Student council president. Triple participation or honors and awards in selected extracurricular activities (each worth 600 points). Participation in Boys/Girls Nation.

    Category 3 (worth 600 WCS points according to RAND):
    High school class president. Editor-in-chief of a school publication. Participation in Boys/Girls State, president of National Honor Society or recipient of a national or state award. Eagle Scout (Boy Scouts) or Gold Award (Girl Scouts). Triple participation or honors and awards in selected extracurricular activities (each worth 500 points).

    Category 4 (worth 5oo WCS points according to RAND):
    Holder of one or more elective offices in moderately selective organizations. Participation in activities or recipient of awards in moderately selective organizations. Holder of a private pilot’s license.

    Category 5 (worth 400 WCS points according to RAND):
    Participation in activities or recipient of awards in organizations with limited selectivity.

    Category 6 (worth 300 WCS points according to RAND):
    Some participation in organized activities.

    Category 7 (worth 200 WCS points according to RAND):
    Some participation in organized activities.

    You can see that the EAS has a ton of flexibility, as it is not as easy to apply these points to yourself as it is with the AAS.

    The EAS also emphasizes the importance of Boys/Girls State and Nation, which are key to earning WCS points (particularly for candidates who are not Boy or Girl Scouts) for the EAS. Notice that being an officer in your class is also of importance. The above categories give you more than just an estimation of what your EAS is: they give you a working knowledge of what West Point wants in a candidate and what you can do to be this candidate.

    What about the Class of 2021? Let's take a look at their extracurriculars so that you can compare yourself:

    Boys/Girls State Delegate........346 (about 27.9% of admitted candidates)
    Student Body President......149 (about 12% of admitted candidates)
    School Publication Staff.....99 (about 7.9% of admitted candidates)
    Yearbook Editor or Co-Editor.....140 (about 11.3% of admitted candidates)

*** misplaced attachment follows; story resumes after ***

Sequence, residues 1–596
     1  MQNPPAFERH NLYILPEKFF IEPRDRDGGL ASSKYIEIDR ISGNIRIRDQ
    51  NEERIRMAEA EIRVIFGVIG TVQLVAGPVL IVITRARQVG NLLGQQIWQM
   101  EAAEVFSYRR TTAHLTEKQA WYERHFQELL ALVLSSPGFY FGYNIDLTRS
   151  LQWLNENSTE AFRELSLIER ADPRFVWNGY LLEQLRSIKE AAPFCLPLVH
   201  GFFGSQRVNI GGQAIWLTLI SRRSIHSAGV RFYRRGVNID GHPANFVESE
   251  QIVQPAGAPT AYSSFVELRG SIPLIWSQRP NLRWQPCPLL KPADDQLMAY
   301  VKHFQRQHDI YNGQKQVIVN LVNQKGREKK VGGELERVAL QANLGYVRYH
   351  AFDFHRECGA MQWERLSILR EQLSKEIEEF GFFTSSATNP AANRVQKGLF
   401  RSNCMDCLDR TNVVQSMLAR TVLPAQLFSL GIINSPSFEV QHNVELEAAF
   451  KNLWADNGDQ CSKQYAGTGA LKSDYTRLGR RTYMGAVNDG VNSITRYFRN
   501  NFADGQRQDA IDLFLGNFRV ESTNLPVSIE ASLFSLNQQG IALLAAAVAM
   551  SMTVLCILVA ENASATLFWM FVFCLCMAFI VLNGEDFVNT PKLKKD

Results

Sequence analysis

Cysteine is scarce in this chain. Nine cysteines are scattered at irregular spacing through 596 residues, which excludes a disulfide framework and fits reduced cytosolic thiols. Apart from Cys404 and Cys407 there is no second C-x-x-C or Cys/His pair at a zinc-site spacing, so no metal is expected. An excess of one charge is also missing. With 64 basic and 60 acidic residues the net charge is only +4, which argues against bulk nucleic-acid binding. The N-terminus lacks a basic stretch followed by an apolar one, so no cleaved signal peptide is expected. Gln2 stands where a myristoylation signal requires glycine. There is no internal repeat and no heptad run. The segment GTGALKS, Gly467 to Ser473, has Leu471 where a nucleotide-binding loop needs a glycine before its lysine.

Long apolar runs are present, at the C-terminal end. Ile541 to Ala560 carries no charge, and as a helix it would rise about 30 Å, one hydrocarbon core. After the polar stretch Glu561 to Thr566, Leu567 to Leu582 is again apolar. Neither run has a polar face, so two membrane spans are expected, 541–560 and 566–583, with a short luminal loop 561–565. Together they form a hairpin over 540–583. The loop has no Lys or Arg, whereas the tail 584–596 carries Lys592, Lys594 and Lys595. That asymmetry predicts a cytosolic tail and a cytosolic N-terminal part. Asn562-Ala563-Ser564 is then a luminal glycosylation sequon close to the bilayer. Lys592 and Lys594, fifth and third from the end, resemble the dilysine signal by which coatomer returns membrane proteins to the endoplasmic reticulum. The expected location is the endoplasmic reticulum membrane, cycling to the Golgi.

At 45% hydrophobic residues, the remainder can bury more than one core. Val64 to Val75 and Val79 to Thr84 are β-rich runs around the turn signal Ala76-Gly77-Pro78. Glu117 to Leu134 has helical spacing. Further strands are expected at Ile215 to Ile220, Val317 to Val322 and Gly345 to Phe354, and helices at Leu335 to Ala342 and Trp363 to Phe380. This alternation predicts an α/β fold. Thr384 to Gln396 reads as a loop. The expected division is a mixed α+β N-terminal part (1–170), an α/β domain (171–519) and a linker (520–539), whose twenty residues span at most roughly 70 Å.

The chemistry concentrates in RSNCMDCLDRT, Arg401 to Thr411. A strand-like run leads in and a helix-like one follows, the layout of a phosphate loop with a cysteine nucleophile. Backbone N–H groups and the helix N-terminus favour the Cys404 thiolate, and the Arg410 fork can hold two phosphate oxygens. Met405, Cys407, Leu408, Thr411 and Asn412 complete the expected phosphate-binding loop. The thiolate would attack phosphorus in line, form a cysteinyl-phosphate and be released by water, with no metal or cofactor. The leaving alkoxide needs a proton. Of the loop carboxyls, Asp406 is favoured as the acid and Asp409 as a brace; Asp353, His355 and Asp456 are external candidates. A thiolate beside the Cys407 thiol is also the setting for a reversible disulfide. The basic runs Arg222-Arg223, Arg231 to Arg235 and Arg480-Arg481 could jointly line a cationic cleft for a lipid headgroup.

Debating.....149 (about 12% of admitted candidates)
    Dramatics.....140 (about 11.3% of admitted candidates)
    Scouting Participants.....223 (about 18% of admitted candidates)
    Eagle Scout (men) or Gold Award (women).....138 (about 11.1% of admitted candidates)

    FACULTY APPRAISAL SCORE
    The final portion of the leadership score is the FAS (faculty appraisal score), which is based on the SOEs (school official evaluations) that West Point requests through the candidate kit when a candidate is activated.

    According to the RAND study, teachers are asked something like the following questions when filling out the SOEs:

    Does the candidate...

    1. show interest and concern for the welfare of others?
    2. work effectively with others toward group goals?
    3. influence others in a positive manner?
    4. communicate effectively in face-to-face discussion?
    5. communicate effectively in written work?
    6. set an example of good conduct for others?
    7. set high standards for own performance in a number of activities?
    8. maintain composure and perform effectively under pressure?
    9. adjust to demanding schedule of activities without neglecting school work?
    10. seek academic challenge beyond that required by normal course work?
    11. reach sound, logical conclusions based on analysis of facts?
    12. accept full responsibility for own actions?

    In addition, the instructor is asked to write how he or she feels the candidate will perform at the college level in the faculty member’s subject-matter area. (These words are verbatim from the RAND study and are not my own).